CTA IN THE NEWS: Buoyed by city support, ABT backers look to big expansion

By: CTA In The News
3 August 2017

From ktvq.com:

Thirty years after the community saved the old Fox Theater in downtown Billings, Larry Martin is convinced the community will rally again behind a dramatic overhaul of the Alberta Bair Theater, successor to the Fox. “At this point, it’s impossible to imagine downtown Billings without the Alberta Bair Theater, and I think the bulk of the community sees it that way,” Martin said. Martin is the only member of the ABT’s current board of directors who was also on the board more than 30 years ago, when the City Council voted to buy the historic Fox, saving it from demolition, and giving supporters the chance to raise the $4 million it took to convert it to the Alberta Bair Theater, reports Last Best News.

The board and a host of other supporters are now hoping to make the first major upgrades to the theater since it opened as the ABT in January 1987. They hope to raise at least $7 million in time to start construction in the spring of 2019 and reopen an expanded, modernized theater in the fall of 2020. The formal fundraising campaign has not been launched yet, but the effort got a huge boost last Monday, when the City Council voted unanimously to allocate $3.5 million in tax increment funds to pay for portions of the project, which has a total estimated price tag of $10.5 million to $11 million.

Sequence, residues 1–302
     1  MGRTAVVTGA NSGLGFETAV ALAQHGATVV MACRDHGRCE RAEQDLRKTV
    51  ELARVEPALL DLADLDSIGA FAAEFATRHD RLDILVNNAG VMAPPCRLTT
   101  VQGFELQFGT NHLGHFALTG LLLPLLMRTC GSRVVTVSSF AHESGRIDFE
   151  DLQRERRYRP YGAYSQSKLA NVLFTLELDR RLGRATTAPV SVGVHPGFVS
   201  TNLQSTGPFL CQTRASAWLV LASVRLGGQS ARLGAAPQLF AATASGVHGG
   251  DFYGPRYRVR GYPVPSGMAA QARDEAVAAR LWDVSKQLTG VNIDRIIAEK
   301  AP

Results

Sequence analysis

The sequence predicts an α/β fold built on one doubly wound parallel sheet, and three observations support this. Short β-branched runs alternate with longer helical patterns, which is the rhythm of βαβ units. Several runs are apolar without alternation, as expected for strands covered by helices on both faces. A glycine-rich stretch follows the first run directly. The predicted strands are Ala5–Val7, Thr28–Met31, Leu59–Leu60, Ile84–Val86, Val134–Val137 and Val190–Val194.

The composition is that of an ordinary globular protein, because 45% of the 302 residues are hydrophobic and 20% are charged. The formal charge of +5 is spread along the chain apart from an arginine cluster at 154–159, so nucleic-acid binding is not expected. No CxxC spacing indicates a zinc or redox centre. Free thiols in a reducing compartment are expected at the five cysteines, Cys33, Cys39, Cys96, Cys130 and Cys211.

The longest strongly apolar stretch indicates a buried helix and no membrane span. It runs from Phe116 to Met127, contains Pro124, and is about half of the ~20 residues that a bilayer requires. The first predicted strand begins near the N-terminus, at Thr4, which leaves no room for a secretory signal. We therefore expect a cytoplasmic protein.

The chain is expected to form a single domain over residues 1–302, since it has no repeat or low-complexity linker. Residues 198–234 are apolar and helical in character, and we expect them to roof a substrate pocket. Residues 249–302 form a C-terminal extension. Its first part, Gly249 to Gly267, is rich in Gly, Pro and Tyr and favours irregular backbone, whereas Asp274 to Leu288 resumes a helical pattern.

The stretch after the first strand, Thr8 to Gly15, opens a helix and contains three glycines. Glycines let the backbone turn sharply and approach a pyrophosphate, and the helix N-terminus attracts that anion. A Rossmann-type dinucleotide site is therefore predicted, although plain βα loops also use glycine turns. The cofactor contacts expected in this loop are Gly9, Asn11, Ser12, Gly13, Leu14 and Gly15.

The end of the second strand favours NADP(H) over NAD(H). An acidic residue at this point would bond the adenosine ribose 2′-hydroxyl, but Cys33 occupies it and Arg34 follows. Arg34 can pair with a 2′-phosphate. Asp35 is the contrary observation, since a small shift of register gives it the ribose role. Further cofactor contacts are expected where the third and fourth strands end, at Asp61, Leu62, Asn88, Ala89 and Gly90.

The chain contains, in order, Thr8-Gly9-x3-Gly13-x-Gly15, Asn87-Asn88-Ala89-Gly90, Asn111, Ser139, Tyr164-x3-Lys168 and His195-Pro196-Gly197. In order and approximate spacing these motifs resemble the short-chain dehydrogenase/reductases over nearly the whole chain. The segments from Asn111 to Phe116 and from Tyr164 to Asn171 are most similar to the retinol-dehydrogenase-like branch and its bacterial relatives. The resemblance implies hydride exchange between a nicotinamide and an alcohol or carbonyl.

A major component of the overhaul is replacing what Mike Tuss calls the “internally-focused” facade with a two-story wall of glass designed to make the theater itself as much a spectacle as what takes place on its stage. Tuss, who worked on the design for CTA Architects Engineers, said the new facade will create “a sense of pageantry.” Martin, the long-time board member, said the new facade will make the ABT “the beacon on Broadway.”

Jan Dietrich, who has been the director of the ABT for a year but has been involved with the theater in various capacities since 1990, said the planned improvements are needed “to bring this theater into the current century.” Considering all the advances in technology in the past 30 years, she said, the sound and lighting systems are long overdue for replacement, and the HVAC system still runs on an antiquated DOS operating system.

A large part of the board’s pitch to the community will be emphasizing the theater’s impact not just on local culture but on the local economy. Information provided to the City Council said the ABT had expenditures of $1.71 million in the 2015-16 season, and has an estimated annual impact of $4.2 million on the Billings economy. In 2015-16, it hosted 84 events, drawing 84,440 patrons, about 9,200 of whom came from outside Yellowstone County. The theater also has 10 employees and 108 volunteers.


Also, check out “Digging through history to define Billings’ Alberta Bair Theater,” a June 2016 post from design architect and CTA associate principal Joel Anderson, in which he shares his experience on the ABT project, and how looking back to 1931 was the logical first step when considering design improvements.
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